From the Writers AMuse Me Publising website: Her writing credits include a co-authored feature story for the UW newspaper Branding Iron, and two articles in the Holloman Sunburst. She was first a student and then a faculty member of the Wyoming Writing Project. She designed the logo and cover for the 2005 Owen Wister Review, the university's literary and arts magazine. That issue garnered OWR its first Magazine Pacemaker Finalist award by the Associated Collegiate Press. She graduated summa cum laude with a Bachelor of Arts in Art. She contributed a chapter for the New Zealand anthology Hamiltons of the World.
Barbara entered the U.S. Air Force at 17 and retired 24 years later. Then, during her days at UW, she chanced upon a gold mining ghost town and was captivated by what had been an early 1900s log hotel. After graduation, she and her husband bought the country inn and labored to revive the ol' place into a flourishing B&B and saloon.
Barbara: Never. I only wrote reports and a few pieces for the base newspaper. Because of long, stressful hours, writing for the fun of it just didn’t enter my thinking. Not until I retired and enrolled in a university fiction writing class did I become hooked on writing a novel.
Mariah: Would you ever write a book based upon some of your experiences in the Air Force?
Barbara: While I think my experiences could be interesting reading, most of my experiences dealt with sensitive military situations or other airmen’s deeply personal circumstances. Because of that sensitivity, I would never write about it.
Mariah: Do you have any unique talents or abilities?
Barbara: I can cross one eye. And I tat.
Mariah: What was the biggest challenge you had while writing Blood Atonement, your historical mystery novel?
Barbara: The biggest challenge was verifying that the historical facts were correct and from a source I could trust. For example, the pro-polygamists pointed out the women’s public support of the practice, yet those women’s journals reflected the opposite view.
Mariah: Would your write another historical mystery and if you did would it be in the same era?
Barbara: I’d love to write another historical mystery and set it on a pioneer trail. Being from the Midwest USA and now living in the Mountain West, I’ve always been near an Old West trail. It’s a fascinating time period and the personal situations are dramatic.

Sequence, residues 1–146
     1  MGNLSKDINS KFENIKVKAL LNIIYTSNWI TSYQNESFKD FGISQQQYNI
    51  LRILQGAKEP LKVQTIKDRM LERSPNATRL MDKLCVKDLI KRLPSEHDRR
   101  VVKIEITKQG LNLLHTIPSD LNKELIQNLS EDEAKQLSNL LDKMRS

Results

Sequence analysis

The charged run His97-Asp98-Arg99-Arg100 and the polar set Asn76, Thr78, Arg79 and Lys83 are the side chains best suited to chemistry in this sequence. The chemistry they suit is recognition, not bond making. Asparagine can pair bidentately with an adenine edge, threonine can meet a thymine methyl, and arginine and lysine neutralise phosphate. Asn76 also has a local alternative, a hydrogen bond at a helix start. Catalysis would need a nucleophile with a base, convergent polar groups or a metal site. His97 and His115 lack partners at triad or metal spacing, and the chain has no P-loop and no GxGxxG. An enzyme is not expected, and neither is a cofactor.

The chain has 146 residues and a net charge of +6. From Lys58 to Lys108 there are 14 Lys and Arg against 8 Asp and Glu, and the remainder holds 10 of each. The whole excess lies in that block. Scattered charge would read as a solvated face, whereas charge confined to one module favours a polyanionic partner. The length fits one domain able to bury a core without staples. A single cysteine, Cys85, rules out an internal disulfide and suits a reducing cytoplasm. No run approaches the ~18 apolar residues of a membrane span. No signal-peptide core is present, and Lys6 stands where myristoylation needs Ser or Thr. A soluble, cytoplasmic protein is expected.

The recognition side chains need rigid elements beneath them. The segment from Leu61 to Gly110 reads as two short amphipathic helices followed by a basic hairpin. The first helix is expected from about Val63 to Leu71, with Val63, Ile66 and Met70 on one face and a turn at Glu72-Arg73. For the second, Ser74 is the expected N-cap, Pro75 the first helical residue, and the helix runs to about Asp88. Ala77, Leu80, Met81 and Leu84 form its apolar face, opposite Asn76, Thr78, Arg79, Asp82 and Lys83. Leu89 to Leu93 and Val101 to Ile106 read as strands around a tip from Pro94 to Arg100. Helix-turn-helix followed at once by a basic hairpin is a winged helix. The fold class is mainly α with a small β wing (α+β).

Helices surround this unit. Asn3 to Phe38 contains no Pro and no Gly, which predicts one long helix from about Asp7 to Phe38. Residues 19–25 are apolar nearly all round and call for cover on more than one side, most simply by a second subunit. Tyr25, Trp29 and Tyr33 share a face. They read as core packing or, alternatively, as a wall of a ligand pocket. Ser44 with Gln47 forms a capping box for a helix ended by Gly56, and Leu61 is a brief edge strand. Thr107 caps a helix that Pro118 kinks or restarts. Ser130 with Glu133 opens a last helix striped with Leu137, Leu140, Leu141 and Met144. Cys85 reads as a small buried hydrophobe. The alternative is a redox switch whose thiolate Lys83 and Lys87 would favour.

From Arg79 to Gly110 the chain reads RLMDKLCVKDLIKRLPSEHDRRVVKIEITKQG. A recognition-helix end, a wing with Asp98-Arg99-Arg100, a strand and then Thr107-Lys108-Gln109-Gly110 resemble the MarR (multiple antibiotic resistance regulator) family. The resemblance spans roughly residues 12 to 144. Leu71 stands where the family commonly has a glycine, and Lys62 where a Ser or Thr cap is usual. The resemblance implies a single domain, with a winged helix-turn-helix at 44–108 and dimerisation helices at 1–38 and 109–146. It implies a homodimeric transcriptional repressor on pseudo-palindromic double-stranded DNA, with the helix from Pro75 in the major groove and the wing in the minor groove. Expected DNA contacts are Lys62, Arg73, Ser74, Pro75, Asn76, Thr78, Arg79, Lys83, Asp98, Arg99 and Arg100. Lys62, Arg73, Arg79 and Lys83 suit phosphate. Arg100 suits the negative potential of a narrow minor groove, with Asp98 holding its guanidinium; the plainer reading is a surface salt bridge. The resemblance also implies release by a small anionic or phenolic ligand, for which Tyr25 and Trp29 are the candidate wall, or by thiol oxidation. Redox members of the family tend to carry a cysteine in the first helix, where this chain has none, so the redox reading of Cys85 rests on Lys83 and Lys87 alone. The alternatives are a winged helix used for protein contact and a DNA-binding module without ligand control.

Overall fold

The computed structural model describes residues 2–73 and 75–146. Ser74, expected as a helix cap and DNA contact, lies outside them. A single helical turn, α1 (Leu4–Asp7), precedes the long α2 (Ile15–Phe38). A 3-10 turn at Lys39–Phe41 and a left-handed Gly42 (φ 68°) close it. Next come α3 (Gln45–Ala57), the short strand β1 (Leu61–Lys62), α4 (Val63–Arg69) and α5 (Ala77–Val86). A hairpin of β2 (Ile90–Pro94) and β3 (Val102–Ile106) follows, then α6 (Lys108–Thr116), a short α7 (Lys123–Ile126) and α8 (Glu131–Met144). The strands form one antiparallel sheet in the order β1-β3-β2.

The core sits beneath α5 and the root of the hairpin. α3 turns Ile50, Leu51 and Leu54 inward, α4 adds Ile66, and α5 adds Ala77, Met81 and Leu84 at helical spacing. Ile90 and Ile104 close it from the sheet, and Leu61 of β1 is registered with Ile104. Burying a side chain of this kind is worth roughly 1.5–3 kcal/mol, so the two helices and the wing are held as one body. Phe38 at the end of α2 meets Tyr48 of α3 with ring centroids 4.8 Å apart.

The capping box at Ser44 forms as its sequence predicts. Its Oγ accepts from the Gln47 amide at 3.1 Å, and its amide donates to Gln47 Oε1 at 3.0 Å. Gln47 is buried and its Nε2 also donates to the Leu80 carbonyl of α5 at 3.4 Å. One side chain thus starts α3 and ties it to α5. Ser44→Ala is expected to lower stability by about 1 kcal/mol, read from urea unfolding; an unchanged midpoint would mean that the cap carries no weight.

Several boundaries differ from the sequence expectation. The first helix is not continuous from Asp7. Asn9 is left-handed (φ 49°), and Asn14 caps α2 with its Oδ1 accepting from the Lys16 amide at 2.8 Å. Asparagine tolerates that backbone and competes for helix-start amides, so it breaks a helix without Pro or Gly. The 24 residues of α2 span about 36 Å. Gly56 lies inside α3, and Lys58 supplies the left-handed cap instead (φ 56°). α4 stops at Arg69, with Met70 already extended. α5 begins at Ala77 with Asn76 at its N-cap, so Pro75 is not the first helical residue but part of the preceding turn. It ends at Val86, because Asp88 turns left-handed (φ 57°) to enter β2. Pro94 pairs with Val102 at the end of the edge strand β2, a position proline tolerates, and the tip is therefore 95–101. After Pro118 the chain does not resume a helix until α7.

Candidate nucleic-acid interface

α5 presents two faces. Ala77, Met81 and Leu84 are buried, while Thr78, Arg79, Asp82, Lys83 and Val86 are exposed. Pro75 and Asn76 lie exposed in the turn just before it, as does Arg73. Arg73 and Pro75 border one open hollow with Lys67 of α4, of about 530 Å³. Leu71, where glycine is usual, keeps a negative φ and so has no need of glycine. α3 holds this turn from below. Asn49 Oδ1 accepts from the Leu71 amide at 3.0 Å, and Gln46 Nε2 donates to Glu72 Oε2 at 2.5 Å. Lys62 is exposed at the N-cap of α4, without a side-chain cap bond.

Mariah: What was the hardest scene to write?
Barbara: Aveline’s wedding night was the toughest. It’s a simple scene, yet it includes many subtle—but important—elements of their lives. Feedback from a few readers that this scene had the greatest emotional impact was very gratifying.
Mariah: What drew you to write an historical mystery?
Barbara: I had the incredible good fortune to gain an internship at the University of Wyoming’s Toppan Rare Book Library. Book collections on both sides of the polygamy issue expounded lies, truths, and mythology. My research paper compared these elements to find the reality, and the paper won a research competition. Later, my intent was to write a nonfiction book on women in early Mormon polygamy examining those myths, lies, truths, and reality from all sides. Later, I had fallen in love with writing mysteries and how to make clues and red herrings fit into a plausible story. My accumulated research lent itself to tell a story about a unique and little-known situation in American history.
Mariah: What are you working on now?
Barbara: I’m working on the edits for a second murder mystery, currently titled Clear and Convincing Evidence and set for a 2014 release by Writers AMuse Me Publishing. This is a contemporary story set in Wyoming. The main character is Jennifer, a college journalism student who swears she has uncovered a murder on campus and a cover-up conspiracy. She just has to live long enough to prove it.
Mariah: What was your favorite thing about writing this book?
Barbara: Oh, there are about three things that vie for favorite things. Developing the story and the mystery’s red herrings and clues to correctly fit the facts of early Mormonism and vice versa. Another favorite thing was the research. I love research. My last favorite thing was experiencing that rare feeling writers get that a character knew more than I did about a situation. That character recommended a different course. I listened to that character and shifted the story-line. The story is the better for it.
That's all folks! Thanks to Barbara for stopping by! Good luck with your career.
You can visit Barbara on her blog!